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Buying An Established Business

Some people feel that buying an established business is a reliable short-cut to becoming a successful entrepreneur. The existing business offers many advantages such as an established business method, clientele, profit picture, perhaps premises and inventory and very often a reputable name. However, one very important question must be answered; why is the business for sale? 

As with any short-cut, however, there is a price to pay, and in this case there are really two "prices". One is money, and the other is time and effort. If you buy a prosperous business, the money you give for goodwill (the good reputation of the business) is paying for these advantages. This may be money well spent. On the other hand, it may be money wasted if the business is really failing or has unforeseen problems.

Before purchasing a business, insist on reviewing financial statements for as many previous years as possible (up to five years). Obtain lists of clients or customers and suppliers. All leases and outstanding contracts must be reviewed. The decision to buy should not be made lightly, get professional advice (an accountant to review financial information and a lawyer to review leases, business contracts, etc.,) before purchase agreement.

Each year many small businesses are bought and sold. A lot of key issues must be considered before you complete the final purchase.

Two of the most important issues are the following:

Why is the business for sale?
How much should you pay for the business?

ADVANTAGES

Limited risks.
Success of the business location has been proven.
Cash flow begins immediately with sales to established customers.
Employees may already be trained and knowledgeable.
New owner inherits the goodwill and reputation.
Inventory already exists and suppliers are known.
Relationships with suppliers, bankers, and so on, are established.
Business is equipped and furnished.

DISADVANTAGES
Location, if not satisfactory, is difficult to change.
Potential for decrease in sales because owner's departure could result in loss of loyal customers.
Some employees who stayed with the business may not be assets.
Inventory may be out of date, overpriced, or not to the new owner's liking.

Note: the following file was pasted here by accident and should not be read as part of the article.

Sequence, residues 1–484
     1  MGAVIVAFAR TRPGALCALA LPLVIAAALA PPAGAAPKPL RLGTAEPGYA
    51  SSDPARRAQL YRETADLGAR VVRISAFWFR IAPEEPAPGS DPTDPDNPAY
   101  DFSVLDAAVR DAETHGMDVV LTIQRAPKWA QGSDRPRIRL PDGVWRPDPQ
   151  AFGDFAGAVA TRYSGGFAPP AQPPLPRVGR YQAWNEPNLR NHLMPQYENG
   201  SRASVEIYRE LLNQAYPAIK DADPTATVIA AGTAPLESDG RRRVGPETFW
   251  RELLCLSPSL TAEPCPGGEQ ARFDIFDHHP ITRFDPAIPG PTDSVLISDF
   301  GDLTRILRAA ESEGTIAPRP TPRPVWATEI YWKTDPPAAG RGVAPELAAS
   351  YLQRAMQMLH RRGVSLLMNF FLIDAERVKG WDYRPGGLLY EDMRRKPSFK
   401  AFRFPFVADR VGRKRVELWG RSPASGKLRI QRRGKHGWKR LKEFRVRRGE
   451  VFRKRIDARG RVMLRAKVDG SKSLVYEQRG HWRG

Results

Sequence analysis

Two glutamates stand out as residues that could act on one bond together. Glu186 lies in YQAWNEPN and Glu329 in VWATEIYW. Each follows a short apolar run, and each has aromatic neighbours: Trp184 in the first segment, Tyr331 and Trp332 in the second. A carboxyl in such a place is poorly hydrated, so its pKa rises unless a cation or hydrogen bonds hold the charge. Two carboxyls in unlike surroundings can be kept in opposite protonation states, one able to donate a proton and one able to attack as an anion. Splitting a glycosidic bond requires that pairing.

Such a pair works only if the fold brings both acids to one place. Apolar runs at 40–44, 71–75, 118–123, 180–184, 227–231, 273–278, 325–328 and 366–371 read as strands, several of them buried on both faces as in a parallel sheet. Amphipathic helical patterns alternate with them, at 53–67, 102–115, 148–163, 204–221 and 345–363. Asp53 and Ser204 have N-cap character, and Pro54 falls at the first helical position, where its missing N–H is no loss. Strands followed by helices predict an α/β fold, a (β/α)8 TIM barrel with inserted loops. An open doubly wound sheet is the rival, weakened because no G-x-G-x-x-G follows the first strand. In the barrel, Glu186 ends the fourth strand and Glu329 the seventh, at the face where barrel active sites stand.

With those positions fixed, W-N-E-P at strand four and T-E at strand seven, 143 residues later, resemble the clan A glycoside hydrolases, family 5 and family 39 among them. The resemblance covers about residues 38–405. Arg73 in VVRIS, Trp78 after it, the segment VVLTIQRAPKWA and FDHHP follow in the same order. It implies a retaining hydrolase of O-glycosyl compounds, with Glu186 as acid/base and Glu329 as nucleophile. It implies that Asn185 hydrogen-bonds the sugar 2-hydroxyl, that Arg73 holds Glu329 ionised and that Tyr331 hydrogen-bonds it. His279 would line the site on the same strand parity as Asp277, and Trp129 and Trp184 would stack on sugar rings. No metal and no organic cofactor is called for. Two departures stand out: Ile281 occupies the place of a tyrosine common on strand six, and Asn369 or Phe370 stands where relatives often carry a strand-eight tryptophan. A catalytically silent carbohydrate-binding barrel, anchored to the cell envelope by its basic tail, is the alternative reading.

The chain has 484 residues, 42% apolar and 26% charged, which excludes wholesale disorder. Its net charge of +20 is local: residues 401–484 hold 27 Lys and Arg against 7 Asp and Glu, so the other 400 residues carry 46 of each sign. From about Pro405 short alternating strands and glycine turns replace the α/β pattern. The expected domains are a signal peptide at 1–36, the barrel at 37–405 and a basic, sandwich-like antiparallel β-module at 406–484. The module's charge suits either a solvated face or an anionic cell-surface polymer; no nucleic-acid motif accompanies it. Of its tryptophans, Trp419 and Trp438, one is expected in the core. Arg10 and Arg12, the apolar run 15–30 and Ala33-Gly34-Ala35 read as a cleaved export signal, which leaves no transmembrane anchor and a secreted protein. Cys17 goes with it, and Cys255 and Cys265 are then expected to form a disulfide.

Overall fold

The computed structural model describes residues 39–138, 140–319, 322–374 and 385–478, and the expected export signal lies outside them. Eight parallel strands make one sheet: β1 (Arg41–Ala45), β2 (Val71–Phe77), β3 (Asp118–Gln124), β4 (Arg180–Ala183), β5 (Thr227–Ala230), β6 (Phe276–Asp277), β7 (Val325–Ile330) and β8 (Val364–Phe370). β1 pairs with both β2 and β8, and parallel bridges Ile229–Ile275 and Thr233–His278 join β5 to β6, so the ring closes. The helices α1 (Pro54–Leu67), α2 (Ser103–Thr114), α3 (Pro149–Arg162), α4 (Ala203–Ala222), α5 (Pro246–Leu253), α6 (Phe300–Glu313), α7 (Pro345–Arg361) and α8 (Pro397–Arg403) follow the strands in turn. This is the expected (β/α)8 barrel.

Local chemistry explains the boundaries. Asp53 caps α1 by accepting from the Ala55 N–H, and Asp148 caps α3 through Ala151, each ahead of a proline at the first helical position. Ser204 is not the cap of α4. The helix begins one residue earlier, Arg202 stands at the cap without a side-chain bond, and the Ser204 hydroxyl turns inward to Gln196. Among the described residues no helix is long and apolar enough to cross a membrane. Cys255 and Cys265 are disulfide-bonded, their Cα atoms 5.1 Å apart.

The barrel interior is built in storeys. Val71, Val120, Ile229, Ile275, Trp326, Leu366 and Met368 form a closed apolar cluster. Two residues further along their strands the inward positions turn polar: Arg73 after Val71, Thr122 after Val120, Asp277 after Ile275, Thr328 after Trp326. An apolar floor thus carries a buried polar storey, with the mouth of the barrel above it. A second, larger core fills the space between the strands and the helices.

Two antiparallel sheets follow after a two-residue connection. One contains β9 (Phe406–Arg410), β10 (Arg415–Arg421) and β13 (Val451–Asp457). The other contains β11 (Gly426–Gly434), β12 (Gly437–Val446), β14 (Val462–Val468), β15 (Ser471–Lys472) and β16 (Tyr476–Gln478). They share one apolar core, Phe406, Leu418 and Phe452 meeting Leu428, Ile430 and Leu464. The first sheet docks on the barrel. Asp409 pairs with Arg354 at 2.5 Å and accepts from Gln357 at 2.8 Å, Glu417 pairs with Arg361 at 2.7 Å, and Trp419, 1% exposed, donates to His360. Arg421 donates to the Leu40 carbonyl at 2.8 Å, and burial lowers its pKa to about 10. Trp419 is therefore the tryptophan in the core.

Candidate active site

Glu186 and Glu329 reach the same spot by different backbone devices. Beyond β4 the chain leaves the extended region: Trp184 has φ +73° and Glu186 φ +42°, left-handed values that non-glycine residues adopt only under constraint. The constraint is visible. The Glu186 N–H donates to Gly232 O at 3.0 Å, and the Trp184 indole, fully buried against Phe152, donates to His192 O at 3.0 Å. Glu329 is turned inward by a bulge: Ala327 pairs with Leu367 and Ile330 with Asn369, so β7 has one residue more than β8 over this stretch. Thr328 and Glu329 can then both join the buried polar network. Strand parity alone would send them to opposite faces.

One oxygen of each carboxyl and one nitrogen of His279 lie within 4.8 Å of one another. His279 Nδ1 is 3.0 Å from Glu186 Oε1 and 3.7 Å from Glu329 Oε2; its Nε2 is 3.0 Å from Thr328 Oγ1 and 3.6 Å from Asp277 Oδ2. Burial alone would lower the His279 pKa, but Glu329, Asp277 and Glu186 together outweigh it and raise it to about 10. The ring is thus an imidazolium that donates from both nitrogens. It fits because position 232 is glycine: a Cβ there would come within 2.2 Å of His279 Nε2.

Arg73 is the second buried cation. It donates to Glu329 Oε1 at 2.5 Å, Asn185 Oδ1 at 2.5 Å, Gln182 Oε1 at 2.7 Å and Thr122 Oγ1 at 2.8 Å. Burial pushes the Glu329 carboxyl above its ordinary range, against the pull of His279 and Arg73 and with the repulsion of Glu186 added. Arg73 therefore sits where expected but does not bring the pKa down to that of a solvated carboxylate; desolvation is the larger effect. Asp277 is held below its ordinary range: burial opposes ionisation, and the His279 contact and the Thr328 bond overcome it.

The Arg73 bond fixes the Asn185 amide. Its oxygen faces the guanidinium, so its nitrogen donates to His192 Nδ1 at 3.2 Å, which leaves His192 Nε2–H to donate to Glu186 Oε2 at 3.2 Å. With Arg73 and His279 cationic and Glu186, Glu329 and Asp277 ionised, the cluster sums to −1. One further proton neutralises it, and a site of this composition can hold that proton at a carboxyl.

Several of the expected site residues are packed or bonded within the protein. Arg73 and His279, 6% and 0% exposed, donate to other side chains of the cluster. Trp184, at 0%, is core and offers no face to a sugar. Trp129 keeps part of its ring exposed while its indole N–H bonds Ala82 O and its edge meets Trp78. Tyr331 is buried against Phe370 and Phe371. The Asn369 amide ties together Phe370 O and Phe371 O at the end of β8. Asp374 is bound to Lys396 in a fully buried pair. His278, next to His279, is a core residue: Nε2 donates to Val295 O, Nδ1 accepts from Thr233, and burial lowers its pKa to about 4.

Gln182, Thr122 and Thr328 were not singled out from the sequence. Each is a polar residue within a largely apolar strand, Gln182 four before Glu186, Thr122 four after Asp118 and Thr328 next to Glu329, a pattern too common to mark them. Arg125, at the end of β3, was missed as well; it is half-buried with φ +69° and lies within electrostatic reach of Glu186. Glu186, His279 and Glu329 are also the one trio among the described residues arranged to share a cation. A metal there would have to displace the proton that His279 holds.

Business may require expensive modernization.
Seller may have hidden reasons for selling business.

RELATED INFO

Market Research
Your Product Or Service
Your Customers
Your Competition
Getting A Financial Picture
Business Guide

RECOMMENDED  LITERATURE

A Basic Guide for Buying and Selling a Company - This outstanding guide contains all the essentials with regard to the interaction of people transacting for small businesses and how to maximize your chances to obtain fair deals. Explains how to effectively use a business broker, methods of payment available to the buyer, deal with an attorney, how the seller prices the company, and much more.

How to Buy and/or Sell a Small Business for Maximum Profit: A Step-by-Step Guide - This book provides a road map of suggestions, insights and techniques for both buyers and sellers. It covers the entire selling process step-by-step—from making the decision of when to sell or buy, through determining how to market the company, to understanding the various legal & financial documents involved in a sale, and on to closing the deal and handling the transition afterwards. This book is geared toward the novice entrepreneur who wants to buy or sell a small business. Topics covered include: finding and evaluating a business to buy and/or sell, how to value a business, raising the necessary capital, evaluating a business financial condition using discounted cash flow, excess earnings, asset value, and income capitalization, brokers, leveraged buyouts, letters of intent, legal and tax concerns and contracts.

 
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